Upholding a decision of the Central Administrative Court (CAT) to overturn the dismissal of an IPS executive from Rajasthan, the Delhi High Court ruled that an act of bigamy cannot always lead to the dismissal of a official. He said much of family matters that were previously a subject of public debate are now confined to the private domain.
âThe concept, definition and standards of morality have also changed, with changes in appearance, dress, language, etc. ; the behavior which shocked 50 years ago is now considered normal and / or at best an aberration, âsaid a division bench of judges Rajiv Sahai Endlaw and Amit Bansal in his decision of March 19.
The court also said ethical standards had changed since the All India Services (Conduct) rules were developed over 50 years ago. What may have been unethical in 1968 is not necessarily unethical today and not necessarily as bad as in 1968, he said.
âWhile living with another woman while having an enduring marriage might not have been around 20 years ago either, today it is viewed differently,â the report reads. judgment, which was made public this week.
In 2016, a notice under the rules was served on the 2009 batch IPS agent for having started living with a woman and having a son with her despite an ongoing marriage to another woman since December 2005. He was dismissed. of his duties in February 2019 by the disciplinary authority in consultation with the Union Civil Service Commission. The lawsuit against the 44-year-old police officer was initiated following a complaint by his wife that he abused his post by having the man with whom she allegedly had a relationship arrested.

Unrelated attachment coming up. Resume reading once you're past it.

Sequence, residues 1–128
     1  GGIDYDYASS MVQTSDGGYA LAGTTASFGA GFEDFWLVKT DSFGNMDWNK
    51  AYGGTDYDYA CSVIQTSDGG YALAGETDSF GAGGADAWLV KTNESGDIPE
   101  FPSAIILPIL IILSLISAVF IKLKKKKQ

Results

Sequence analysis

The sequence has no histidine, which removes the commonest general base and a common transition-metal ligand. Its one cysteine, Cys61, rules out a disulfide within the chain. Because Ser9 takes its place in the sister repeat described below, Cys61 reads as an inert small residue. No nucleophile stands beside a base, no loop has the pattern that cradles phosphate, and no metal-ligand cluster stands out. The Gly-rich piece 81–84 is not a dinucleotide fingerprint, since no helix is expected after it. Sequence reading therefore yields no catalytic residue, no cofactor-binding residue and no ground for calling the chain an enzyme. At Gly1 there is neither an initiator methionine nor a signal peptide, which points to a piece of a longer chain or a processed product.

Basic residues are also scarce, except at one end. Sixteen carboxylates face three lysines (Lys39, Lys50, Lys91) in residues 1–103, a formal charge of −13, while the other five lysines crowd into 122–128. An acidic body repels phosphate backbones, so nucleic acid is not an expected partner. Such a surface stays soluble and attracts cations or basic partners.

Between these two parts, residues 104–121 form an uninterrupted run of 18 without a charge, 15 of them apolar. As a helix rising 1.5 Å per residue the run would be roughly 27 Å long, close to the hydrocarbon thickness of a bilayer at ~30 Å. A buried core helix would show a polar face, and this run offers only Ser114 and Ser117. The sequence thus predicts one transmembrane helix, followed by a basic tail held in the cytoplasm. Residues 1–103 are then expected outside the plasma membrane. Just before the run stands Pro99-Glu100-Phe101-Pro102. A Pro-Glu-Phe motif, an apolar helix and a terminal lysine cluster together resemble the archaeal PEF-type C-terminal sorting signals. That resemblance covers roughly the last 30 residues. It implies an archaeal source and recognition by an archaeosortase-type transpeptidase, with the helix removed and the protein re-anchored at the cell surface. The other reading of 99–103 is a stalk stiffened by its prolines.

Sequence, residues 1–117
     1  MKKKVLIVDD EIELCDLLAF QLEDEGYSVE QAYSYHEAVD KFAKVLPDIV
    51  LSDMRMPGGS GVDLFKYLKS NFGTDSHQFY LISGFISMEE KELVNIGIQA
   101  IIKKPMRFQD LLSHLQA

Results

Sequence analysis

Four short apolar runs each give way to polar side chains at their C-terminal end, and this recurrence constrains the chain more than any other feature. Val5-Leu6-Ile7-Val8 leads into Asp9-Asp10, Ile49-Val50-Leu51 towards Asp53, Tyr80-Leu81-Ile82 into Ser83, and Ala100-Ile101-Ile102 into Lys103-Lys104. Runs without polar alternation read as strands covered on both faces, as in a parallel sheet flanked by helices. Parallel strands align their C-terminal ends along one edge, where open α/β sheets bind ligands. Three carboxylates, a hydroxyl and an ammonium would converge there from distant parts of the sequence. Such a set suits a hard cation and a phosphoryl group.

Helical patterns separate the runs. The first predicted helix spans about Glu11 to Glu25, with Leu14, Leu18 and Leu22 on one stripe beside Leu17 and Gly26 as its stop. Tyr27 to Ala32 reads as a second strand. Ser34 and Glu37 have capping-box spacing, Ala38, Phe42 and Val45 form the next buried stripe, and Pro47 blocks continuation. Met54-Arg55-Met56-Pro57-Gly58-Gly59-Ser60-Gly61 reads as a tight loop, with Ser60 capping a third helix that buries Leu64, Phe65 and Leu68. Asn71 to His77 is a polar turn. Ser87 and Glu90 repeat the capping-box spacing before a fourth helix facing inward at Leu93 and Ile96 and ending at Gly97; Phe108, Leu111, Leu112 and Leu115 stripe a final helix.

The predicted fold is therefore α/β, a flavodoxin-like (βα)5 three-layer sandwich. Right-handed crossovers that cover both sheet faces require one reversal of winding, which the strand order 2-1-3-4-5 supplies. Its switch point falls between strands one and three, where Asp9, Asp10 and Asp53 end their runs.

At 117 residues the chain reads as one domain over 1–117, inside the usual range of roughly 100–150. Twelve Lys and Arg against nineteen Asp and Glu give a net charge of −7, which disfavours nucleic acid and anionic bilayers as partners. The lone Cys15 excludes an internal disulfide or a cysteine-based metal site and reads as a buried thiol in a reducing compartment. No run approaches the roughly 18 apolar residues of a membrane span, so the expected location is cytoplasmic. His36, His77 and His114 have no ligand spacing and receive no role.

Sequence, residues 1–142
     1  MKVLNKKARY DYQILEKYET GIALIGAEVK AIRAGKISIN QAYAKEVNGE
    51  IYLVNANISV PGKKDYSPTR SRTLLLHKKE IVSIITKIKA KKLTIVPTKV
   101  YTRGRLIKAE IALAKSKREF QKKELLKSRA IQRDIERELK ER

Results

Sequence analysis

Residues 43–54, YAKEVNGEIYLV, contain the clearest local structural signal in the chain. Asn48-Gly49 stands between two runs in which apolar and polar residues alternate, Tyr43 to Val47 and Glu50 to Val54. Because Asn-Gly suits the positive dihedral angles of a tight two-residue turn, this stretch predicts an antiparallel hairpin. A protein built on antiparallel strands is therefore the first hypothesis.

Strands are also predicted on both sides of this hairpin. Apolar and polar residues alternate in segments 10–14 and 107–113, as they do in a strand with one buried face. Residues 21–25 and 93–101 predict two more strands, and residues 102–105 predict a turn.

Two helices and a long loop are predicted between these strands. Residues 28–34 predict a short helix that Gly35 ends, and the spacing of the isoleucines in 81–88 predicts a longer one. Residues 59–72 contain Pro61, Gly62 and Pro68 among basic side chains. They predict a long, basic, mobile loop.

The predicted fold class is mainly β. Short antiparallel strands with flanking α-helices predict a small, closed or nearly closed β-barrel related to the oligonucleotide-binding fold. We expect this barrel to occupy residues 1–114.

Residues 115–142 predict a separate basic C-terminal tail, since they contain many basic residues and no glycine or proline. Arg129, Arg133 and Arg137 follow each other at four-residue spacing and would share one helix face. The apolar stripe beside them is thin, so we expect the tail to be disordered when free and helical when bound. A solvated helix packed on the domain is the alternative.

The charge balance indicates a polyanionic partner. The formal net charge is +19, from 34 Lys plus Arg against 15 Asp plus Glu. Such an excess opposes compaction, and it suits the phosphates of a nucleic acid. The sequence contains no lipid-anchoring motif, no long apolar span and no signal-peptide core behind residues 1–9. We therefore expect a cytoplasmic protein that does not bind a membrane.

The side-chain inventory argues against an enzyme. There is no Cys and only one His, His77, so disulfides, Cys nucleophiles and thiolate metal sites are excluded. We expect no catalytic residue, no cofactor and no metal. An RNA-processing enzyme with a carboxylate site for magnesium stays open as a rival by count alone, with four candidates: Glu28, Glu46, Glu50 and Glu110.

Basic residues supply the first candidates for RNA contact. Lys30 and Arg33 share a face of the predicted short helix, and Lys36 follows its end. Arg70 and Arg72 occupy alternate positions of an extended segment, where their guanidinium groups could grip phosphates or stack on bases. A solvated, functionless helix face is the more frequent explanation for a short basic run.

In December 2020, the CAT overturned the order of the disciplinary authority following which the government of Rajasthan applied to the Delhi High Court, arguing that it did not wish to keep the officer ‘who s ‘behaved in such an irresponsible and non-gentlemanly manner.
In its decision, the court stated without a doubt that the act committed by the officer is punishable under Article 494 IPC (the provision prohibiting a person from marrying another person during the lifetime of a husband or a woman’s). However, he added, it is the same only with the complaint of a person injured by the offense who in this case would have been his wife.
“Nowhere is it recorded that there was such a complaint. So it was not even the accusation against the [officer]. The ethical standard of an act of bigamy must be viewed in this light and in light of the facts and circumstances of each case, âthe court said.
He also said that the matrimonial relationship between the officer and his first wife was strained prior to his date of joining IPS and that they remained apart despite having a daughter born to them in 2008. âThe root cause of the discord matrimonial between [officer] and his wife being the caste to which [officer] belongs and not the extramarital affair of [officer] or selection of [officer] in IPS, as the prosecution suggests; so it’s not as if the [officer], by surrendering to the elite IPS, severed his matrimonial ties formed when he was not a member of such an elite service, âhe noted.
The court also said that after living apart from his wife, he did not immediately enter into a relationship with another woman. He did it after he filed for divorce. He also noted that he had given the other woman “the stature of wife and her name to the son born of this relationship.”